0

Composition is the soul of music


Marco de Tilla deepens his musical studies under the guidance of numerous teachers, including Rino Zurzolo, Ermanno Calzolari, Furio Di Castri, Piero Leveratto, Dario Deidda. He teaches jazz double bass for many years at the Conservatories of Naples and Potenza and works as a teacher with Ismez (National Institute for Musical Development in Southern Italy). He takes part to several workshops and master classes with internationally renowned musicians such as Dave Holland, Larry Grenadier, Bruno Tommaso, Paul Jeffrey, Scott Colley, Dick Oatts, Antonio Sanchez, Danilo Rea, Franco D'Andrea, Paolo Fresu, Maurizio Giammarco etc. He usually plays in different bands, from the trio to the big band, also collaborating with well-known musicians including Antonio Faraò, Norma Winstone, Paolo Fresu, Sarah Jane Morris, Chuck Findley, Javier Girotto, Emanuele Cisi, David Alan Gross, Andrea Pozza, Roberto Gatto, Adam Rudolph, Gabriele Mirabassi, Don Moye, Nico Gori, Maurizio Giammarco, John Arnold, Flavio Boltro. He recorded about forty jazz albums as sideman and three of his own: "A Little Present", "By the Waves" and "Suoni Italiani". His name is often present in exhibitions and festivals in Italy and abroad. He plays for example in New York (USA), Damascus and Aleppo (SYRIA), Berlin (GERMANY), Calcutta, New Delhi and Bangalore (INDIA), Prishtina (KOSSOVO), Marseilles (FRANCE) and lots of italian cities. Recently he performed at the ICCR, Kolkata as a part of the Giuliana Soscia Indo Jazz Project.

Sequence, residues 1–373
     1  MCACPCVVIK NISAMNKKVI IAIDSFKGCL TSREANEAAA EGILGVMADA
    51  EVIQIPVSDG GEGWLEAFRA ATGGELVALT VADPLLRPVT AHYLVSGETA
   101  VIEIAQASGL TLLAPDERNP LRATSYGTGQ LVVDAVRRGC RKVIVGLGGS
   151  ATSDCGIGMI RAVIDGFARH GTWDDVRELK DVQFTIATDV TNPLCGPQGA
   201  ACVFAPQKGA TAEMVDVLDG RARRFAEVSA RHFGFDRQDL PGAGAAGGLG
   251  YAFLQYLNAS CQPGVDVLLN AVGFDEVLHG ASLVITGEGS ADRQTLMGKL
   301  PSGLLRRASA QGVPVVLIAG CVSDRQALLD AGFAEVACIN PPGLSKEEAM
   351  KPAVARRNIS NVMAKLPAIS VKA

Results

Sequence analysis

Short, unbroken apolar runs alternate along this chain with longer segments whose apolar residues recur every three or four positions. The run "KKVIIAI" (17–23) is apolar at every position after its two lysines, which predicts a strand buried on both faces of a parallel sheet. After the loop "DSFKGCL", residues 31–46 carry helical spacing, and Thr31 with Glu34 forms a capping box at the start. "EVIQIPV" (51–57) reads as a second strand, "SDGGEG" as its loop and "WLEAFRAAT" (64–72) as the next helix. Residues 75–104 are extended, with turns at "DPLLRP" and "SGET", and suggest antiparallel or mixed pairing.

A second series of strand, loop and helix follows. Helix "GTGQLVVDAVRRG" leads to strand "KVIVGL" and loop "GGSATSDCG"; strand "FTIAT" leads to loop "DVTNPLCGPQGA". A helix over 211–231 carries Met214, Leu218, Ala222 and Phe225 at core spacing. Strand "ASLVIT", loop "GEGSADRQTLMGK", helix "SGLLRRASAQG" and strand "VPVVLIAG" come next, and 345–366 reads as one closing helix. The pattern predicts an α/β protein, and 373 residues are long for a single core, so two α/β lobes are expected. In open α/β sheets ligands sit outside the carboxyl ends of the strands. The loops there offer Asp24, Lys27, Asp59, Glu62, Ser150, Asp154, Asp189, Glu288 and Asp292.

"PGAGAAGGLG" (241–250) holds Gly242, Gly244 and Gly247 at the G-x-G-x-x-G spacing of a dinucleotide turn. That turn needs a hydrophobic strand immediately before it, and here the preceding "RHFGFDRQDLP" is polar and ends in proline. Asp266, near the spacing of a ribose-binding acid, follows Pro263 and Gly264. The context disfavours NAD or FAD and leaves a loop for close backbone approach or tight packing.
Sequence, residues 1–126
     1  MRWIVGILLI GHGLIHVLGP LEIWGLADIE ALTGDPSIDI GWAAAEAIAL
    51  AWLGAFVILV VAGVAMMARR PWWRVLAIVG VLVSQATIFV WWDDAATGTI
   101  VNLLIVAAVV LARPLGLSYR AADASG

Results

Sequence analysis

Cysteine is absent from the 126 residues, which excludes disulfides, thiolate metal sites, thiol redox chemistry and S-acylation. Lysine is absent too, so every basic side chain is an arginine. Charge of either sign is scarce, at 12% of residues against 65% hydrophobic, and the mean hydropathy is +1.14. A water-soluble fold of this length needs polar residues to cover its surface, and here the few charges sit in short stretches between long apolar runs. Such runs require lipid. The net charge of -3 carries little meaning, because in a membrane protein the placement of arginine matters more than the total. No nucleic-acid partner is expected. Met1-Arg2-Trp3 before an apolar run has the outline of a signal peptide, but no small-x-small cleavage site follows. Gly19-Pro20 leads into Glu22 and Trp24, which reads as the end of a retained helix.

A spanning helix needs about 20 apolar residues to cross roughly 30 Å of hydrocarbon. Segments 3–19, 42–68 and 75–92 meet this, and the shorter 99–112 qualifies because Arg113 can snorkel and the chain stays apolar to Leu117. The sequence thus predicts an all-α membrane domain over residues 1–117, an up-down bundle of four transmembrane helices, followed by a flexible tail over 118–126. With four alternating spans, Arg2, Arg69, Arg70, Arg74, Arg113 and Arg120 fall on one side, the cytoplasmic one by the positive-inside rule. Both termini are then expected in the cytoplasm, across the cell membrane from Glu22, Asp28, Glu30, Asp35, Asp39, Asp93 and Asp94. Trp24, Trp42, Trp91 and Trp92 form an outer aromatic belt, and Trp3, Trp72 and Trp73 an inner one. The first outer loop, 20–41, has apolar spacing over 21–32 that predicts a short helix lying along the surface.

When did you start playing your instrument and what or who were your early passions or influences?

I started to play piano at age of 8. At 16, I started to play electric bass and to play rock with some school friends. When I was 18, music became the most important thing in my life: together with my teacher Rino Zurzolo (bassist of the great Neapolitan singer Pino Daniele) we decide to let me try the double bass, and I fell in love with the instrument..